In the 1980s, state-imposed dacha regulations were lifted and civilians could purchase larger plots of land. This gave rise to the trend of dacha villages, and people could be creative in the construction of their home away from home.
Peredelkino is by far Russia’s most famous dacha village, sitting just 10 miles southwest of Moscow. Before the Bolshevik Revolution, this piece of land was part of a private family estate. However, it was usurped by the government in the 1930s, then gifted to the Writers’ Union following the suggestion of famous Soviet writer and political activist, Maxim Gorky. Within a couple of years, the state constructed 50 wooden cottages for the new Peredelkino dacha village.
Some of Russia’s most famous modern writers lived in Peredelkino, including Alexander Solzhenitsyn, Arseny Tarkovsky, and Boris Pasternak. However, having state-backed accommodations had its pitfalls. The writers of Peredelkino were pressured to conform to pro-Soviet thematic material and commit to a state-approved style of writing. If writers did not adhere to these tenets, the consequences could be deadly. In fact, the acclaimed Russian-Jewish writer Isaac Babel was arrested in his Peredelkino dacha in 1939 for “anti-Soviet activities,” and was executed in 1940.
In spite of these constraints, the artistic spirit of Peredelkino is undeniable. Many notable Russian works were created here (at least in part), including Pasternak’s Nobel Prize-winning Doctor Zhivago. The wooden dachas are charming and humble, like gingerbread houses in the woods of a fairytale. When visiting, it’s easy to understand how the peaceful, natural surroundings provided fuel for the writers’ imagination.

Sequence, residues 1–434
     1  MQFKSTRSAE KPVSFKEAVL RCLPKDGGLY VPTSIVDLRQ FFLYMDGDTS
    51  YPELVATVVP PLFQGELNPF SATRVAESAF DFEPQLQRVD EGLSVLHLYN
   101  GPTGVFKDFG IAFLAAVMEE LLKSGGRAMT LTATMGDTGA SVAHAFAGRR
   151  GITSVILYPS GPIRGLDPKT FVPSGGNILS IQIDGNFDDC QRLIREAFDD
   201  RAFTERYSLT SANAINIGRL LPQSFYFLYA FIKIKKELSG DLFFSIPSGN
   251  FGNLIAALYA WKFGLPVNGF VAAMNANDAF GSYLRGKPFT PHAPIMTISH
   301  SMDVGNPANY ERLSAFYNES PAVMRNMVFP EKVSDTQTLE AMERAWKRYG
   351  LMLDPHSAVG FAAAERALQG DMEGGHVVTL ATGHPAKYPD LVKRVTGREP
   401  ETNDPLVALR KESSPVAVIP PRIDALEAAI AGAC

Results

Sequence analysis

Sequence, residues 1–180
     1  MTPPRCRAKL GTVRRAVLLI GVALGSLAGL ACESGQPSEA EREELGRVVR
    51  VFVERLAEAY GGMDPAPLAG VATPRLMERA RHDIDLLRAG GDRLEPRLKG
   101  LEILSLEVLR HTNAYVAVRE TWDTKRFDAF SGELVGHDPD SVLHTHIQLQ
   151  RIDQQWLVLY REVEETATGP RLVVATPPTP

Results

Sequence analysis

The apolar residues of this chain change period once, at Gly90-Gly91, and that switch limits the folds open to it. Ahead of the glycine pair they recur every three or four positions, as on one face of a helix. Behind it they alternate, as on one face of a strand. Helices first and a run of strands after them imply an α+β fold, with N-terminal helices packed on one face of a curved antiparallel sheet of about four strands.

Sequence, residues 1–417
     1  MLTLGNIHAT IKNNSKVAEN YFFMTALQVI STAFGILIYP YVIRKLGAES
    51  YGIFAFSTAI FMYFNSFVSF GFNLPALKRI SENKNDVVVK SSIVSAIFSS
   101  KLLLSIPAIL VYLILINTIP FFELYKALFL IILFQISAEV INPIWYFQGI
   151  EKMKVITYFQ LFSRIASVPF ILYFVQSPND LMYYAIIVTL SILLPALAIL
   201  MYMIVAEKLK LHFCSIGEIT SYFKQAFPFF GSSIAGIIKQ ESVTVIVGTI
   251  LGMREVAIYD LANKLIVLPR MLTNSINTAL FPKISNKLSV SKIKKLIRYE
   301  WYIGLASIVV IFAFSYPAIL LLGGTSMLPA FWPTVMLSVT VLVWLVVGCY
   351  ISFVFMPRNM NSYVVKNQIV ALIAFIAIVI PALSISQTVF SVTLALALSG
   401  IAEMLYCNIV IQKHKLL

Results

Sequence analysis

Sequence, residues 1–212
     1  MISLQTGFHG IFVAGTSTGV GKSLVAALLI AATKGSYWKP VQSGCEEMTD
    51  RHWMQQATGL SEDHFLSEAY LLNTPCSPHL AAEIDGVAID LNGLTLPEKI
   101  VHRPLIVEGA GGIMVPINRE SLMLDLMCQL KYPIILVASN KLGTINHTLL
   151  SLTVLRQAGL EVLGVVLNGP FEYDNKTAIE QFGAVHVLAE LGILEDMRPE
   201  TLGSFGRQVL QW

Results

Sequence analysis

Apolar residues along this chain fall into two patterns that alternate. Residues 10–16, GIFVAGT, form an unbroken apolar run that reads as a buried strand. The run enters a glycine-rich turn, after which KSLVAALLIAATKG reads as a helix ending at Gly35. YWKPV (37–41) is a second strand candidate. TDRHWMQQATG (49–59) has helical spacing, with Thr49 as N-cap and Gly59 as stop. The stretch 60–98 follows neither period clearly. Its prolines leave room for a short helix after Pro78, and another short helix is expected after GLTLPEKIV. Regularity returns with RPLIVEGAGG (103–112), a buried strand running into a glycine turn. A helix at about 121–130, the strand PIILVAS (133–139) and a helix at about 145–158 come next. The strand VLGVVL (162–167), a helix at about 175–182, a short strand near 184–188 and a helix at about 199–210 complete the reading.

Today, dachas are something of a blend between their 1800s and Soviet-era definitions. While they retain aspects of utilitarianism and independence (and most dachas still contain small farms), dachas have increased in both size and luxury. For instance, the barebones abodes of Peredelkino are now surrounded by the dachas of “new Russian” billionaires: fit with rooftop terraces and private swimming pools.
However, these “mega-dachas” are by no means the norm. According to the Moscow Times in 2019, it is estimated that nearly 60 million Russians own dachas (almost half the entire population). Most contemporary dachas are owned by middle- and upper-class Russians, and they contain modern amenities such as electricity and indoor plumbing. People go to their dachas to escape the city on weekends and to spend holidays in the summer. Additionally, most dachas are located near a lake or river, so owners can enjoy activities like swimming and fishing.
Dachas are a way for contemporary Russians to escape the grind of everyday life and spend valuable time with their loved ones. Many adult Russians have fond memories of summer days spent in their family dacha — memories of eating home-cooked meals with vegetables grown in the garden, swimming in the lake with siblings, and sharing stories by a slow-burning fire.